In contrast, says UC San Diego PIO Kim McDonald, the PIO/journalist--rather than being a pitchman for the institution--aims
. . . to be more of a resource for the journalists and let them make their own conclusions about the stature of your institution, not shove it down their throats by saying "Look how great we are; we have done this and this." If you act like a reporter within your institution, you understand exactly what is going on and you know the kinds of stories that would interest news media. Then you can become more effective long-term.
A PIO/journalist concentrates on the substance of your research. He or she will show up in your laboratory having studied the background material on your work, formulated cogent questions, and with plans to do a comprehensive story that fulfills all the communications objectives of a news release.
The best PIO/journalists will have a substantive general knowledge of the fields he or she covers. So, while a PIO/journalist might ask you to explain a particular technical point about your work, he or she will know the basics of your field.
However, a PIO/journalist will remain "strategically dumb," says Catherine Foster, formerly media relations manager at the Argonne National Laboratory. That is, the PIO/journalist will ask leading questions aimed at eliciting the most effective lay-level explanation of your work.
"If you keep pushing scientists to answer, 'What does that mean?' 'How do you know?' you do get a better story," says Foster.
A PIO/journalist will skillfully manage an interview to use your time efficiently and to get you talking, says Johns Hopkins PIO Joann Rodgers, a veteran journalist:
I never walk into the company of a scientist like the high school kid who calls up the newspaper reporter and says "I have to do a term paper on X. Can you tell me everything you know about that?" I always have a purpose, I tell them what I am after, and I have a hypothesis. Scientists like hypotheses. As a journalist, I learned that even if my hypothesis is dead wrong, it gets the conversation started.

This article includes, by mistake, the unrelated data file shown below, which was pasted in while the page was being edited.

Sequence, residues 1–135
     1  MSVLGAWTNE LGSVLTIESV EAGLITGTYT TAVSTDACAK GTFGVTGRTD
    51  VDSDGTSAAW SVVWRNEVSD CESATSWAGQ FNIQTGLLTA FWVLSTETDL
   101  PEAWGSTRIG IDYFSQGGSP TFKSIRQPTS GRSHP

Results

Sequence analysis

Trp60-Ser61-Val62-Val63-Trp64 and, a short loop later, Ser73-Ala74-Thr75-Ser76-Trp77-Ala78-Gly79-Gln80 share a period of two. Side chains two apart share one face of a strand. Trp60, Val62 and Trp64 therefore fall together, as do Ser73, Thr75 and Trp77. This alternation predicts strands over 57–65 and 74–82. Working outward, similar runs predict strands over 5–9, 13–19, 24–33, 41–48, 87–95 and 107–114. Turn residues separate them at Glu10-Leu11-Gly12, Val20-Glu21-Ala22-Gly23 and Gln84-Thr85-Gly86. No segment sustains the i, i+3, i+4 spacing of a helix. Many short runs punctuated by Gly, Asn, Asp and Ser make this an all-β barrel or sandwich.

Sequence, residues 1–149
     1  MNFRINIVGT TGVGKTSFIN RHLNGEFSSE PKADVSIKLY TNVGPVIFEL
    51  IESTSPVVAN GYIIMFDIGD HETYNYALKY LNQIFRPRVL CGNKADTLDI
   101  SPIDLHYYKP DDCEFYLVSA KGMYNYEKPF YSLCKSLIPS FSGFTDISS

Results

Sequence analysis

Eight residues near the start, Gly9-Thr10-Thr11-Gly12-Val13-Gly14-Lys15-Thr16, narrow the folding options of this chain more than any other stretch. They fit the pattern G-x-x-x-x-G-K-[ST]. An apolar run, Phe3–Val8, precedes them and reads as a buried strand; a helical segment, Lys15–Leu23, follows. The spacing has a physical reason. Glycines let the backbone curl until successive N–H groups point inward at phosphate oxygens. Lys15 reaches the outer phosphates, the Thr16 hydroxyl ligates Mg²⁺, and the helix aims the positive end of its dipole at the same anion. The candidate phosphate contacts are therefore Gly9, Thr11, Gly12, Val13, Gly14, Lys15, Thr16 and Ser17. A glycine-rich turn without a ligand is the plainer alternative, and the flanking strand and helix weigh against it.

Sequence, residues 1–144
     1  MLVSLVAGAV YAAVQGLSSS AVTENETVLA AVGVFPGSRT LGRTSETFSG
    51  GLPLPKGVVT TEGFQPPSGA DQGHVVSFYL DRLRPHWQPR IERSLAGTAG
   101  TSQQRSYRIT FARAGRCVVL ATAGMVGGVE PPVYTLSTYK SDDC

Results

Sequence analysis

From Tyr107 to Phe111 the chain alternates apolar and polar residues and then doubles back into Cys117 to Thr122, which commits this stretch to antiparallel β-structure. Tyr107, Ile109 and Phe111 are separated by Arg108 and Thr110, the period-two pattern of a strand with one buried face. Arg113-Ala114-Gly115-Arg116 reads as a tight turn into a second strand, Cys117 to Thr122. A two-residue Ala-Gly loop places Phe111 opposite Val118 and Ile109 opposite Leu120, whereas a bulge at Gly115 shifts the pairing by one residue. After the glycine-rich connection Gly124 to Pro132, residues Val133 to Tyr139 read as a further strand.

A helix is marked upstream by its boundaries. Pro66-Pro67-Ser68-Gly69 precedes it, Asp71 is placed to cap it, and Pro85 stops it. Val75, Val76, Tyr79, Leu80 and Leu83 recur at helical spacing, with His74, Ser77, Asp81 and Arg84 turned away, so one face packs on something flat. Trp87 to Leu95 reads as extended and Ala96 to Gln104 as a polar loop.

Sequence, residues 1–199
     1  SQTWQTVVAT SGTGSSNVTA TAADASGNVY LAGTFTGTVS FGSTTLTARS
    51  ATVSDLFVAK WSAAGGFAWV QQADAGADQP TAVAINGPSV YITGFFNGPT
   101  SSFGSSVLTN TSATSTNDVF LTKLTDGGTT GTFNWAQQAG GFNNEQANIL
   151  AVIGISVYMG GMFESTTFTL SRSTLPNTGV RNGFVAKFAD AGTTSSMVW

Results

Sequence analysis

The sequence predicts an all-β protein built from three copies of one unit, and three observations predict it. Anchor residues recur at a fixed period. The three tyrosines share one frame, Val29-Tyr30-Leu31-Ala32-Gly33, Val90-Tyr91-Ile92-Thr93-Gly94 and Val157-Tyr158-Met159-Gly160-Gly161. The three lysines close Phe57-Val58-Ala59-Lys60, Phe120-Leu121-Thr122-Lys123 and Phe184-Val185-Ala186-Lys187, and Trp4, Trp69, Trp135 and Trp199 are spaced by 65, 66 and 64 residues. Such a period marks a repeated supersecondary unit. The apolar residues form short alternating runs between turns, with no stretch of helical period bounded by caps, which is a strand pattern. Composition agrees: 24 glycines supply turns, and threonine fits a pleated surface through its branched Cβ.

Besides knowing your work, a PIO/journalist understands the work of the other researchers in his or her institution and how it fits into the field. Such knowledge gives the PIO/journalist an authority with media that pays off. For example, San Francisco Chronicle science editor David Perlman cites UC Berkeley's Robert Sanders as an example of a savvy PIO/journalist:
If I call up Bob and ask who I should talk to about space or any other topic, and if he tells me who I should talk to, I damn well talk to them.
Certainly, a good PIO/journalist will have a touch of the sales rep. He or she will develop a strategy to pitch your story to reporters, but in a realistic, professional way.
"They know what really makes a story for either general reporters or any specific reporter with whom they are engaged in trying to peddle a story," says Perlman. "They know the particular reporters and what their interests are. If they do know that there is a major breakthrough for the year, then they need to know how not to oversell it, but to let you know that this a lot more important than you may think." For example, Perlman cites University of Colorado's Jim Scott as a PIO/journalist who knows how to pitch.
Maybe a couple of times a month he will call me because they have a press release that is going to be emailed to me, and I might be interested in it. He never once [called] me about a press release that isn't a story. . . . He is impeccable that way.
What's more, a good PIO/journalist keeps track of the hottest media topics of the moment.
"Anybody who has a good yarn that requires the use of the word 'evolution,' I'll fall for it every time," says Perlman. "That is because it is a cause now—the woeful problem of teaching evolution in schools with the rise of intelligent design and creationists."
A final hallmark of a PIO/journalist is membership in the National Association of Science Writers or the American Medical Writers Association. To encourage PIO/journalism, those associations publish newsletters and organize conferences that promulgate good communications practices.
© 2010 by Dennis Meredith